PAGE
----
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February 1990, Vol. 113, No. 2
BLS compensation programs: what will users need?
Daniel J.B. Mitchell
Data on wages and compensation often have been less visible than data on price inflation and unemployment.1 During the 1990's and beyond, however, changes in compensation systems may well play a critical role in reconciling conflicting pressures in the American labor market. This will make it crucial for the Bureau of Labor Statistics to monitor and disseminate compensation data.
Although I am a frequent user of BLS data on compensation, I am not in a good position to know about the cost/benefit side of data collection. Judgments about that are made by the bureau and the political process. My role here is to put forward user preferences, against a backdrop of current BLS compensation programs and likely changes in the labor market.
Who needs what?
BLS currently operates nine primary programs which gather compensation information as shown in exhibit 1. The data produced by these programs are of varying degrees of interest to three constituency groups: (1) practitioners who set pay (managers, unions, and sometimes neutrals), (2) academics (researchers), and (3) government macro policymakers (along with private forecasters). Although their data needs overlap, their demands for further compensation information differ in many ways. Thus, BLS, faced with resource constraints, must make decisions concerning competing needs.
Practitioners' views are officially presented to BLS by union and management advisory committees. Federal Government policymakers are obviously in position to make their needs known and to influence resource allocation.2 Academics lack formal channels of input and, of course, have no direct control over resources. They have, nonetheless, been active supporters of BLS programs, particularly when budget cuts have been threatened.3 Development of formal communications between BLS and academic users of BLS compensation data would assist in balancing competing demands from users.
Here are ways in which each program might be improved from the viewpoint of their primary constituencies, especially in light of changing compensation practices and changing information technology.
This excerpt is from an article published in the February 1990 issue of the Monthly Labor Review. The full text of the article is available in Adobe Acrobat's Portable Document Format (PDF). See How to view a PDF file for more information.
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1 See Joseph P. Goldberg and William T. Moye, The First Hundred Years of the Bureau of Labor Statistics (Washington Superintendent of Documents, 1985). In this official historical account, the authors devote substantially more space and attention to controversies and developments surrounding the Consumer Price Index and data relating to employment and unemployment than to compensation. A general history of BLS wage gathering and dissemination can be found in H.M. Douty, "A century of wage statistics: the BLS contribution," Monthly Labor Review, November 1984, pp. 16-28.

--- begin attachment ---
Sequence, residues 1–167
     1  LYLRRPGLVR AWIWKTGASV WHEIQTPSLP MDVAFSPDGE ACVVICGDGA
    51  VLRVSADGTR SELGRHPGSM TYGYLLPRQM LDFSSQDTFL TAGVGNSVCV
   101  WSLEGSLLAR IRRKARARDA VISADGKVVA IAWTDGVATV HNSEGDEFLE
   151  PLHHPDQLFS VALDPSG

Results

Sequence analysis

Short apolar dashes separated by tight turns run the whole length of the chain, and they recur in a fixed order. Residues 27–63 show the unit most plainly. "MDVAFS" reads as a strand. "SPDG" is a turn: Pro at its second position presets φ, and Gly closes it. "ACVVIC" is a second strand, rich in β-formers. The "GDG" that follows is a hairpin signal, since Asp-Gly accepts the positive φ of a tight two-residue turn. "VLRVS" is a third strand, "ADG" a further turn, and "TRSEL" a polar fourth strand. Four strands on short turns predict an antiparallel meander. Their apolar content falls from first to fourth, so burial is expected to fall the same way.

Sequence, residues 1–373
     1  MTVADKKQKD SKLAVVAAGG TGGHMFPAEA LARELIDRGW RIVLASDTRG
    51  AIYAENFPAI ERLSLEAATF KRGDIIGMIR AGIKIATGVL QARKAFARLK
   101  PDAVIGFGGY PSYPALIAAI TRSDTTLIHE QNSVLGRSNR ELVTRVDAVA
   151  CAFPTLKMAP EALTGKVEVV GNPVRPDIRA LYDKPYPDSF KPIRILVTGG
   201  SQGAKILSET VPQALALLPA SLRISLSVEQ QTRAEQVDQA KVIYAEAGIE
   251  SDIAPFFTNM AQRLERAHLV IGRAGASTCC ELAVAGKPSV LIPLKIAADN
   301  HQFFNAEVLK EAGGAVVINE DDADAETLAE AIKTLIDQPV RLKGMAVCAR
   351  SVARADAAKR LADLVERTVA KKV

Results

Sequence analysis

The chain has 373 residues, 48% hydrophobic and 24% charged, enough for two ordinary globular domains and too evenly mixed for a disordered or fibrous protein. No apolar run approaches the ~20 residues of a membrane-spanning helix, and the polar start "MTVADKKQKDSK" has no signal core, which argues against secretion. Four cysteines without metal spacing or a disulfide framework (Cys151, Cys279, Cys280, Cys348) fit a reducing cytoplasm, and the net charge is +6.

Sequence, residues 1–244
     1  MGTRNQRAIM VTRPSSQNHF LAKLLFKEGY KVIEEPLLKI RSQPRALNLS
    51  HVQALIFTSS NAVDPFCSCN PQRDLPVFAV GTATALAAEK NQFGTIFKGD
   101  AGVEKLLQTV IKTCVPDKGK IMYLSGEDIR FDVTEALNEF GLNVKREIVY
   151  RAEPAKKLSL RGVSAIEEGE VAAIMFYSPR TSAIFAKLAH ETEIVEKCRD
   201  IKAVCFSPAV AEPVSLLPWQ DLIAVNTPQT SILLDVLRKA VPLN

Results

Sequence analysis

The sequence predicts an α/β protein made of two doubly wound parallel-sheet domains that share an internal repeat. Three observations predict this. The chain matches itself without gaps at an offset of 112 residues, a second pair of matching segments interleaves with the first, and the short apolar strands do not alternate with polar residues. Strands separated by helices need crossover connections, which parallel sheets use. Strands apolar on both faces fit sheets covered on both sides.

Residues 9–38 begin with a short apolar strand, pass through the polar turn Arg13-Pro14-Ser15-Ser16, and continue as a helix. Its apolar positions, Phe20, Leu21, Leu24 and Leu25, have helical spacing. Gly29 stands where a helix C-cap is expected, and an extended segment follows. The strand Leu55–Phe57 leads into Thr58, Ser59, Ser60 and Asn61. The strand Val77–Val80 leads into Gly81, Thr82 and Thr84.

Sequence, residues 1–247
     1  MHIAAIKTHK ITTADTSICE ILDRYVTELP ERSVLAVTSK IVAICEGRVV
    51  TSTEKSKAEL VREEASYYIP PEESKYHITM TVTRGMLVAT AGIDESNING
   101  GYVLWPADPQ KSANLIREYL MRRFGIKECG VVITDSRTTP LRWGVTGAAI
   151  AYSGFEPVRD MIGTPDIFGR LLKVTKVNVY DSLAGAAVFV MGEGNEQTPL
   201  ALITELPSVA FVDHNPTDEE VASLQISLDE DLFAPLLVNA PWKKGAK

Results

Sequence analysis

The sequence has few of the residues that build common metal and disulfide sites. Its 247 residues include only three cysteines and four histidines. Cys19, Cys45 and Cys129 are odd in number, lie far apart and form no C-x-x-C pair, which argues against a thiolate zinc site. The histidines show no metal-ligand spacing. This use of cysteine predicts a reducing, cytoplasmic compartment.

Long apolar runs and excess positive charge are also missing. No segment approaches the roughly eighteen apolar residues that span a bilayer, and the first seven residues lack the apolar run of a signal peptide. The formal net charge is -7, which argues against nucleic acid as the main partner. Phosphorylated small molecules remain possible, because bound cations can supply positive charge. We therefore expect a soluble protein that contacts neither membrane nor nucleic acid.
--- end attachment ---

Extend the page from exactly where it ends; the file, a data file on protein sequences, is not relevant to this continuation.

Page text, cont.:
2 Thus, when the issue arose of publishing information on the absolute levels of wage and benefit costs as part of the Employment Cost Index, a combination of practitioner and government users were the main force in obtaining the new data. See G. Donald Wood, "A New Measure of the Cost of Compensation Components," Survey of Current Business, November 1988, p. 43. Academic researchers had long been interested in wage-versus-fringe tradeoffs, but their need for such data was frustrated when BLS stopped producing an earlier series on wage and fringe costs in the 1970's. The only private source of such data, an annual survey by the Chamber of Commerce of the United States, in not made available of academic use. Despite their concerns, academics had no formal avenues to express their continuing interest in data on wage and benefit costs.
3 Academic members of the Executive Board of the Industrial Relations Research Association (IRRA) made various efforts to have the IRRA take positions against proposed budget cutbacks affecting BLS. Because of the IRRA's tripartite structure, it was not possible to achieve consensus on this issue, but the organization has since maintained a statistical subcommittee to monitor budget and other developments affecting Federal statistical programs. (Records of the Board debates on this issue can be found in the association's 1981 and 1982 annual Proceedings volumes.) A related organization make up of major academic industrial relations programs, then known as the IR Center Directors, took a more active role in making contact with congressional representatives and staff and administration officials.
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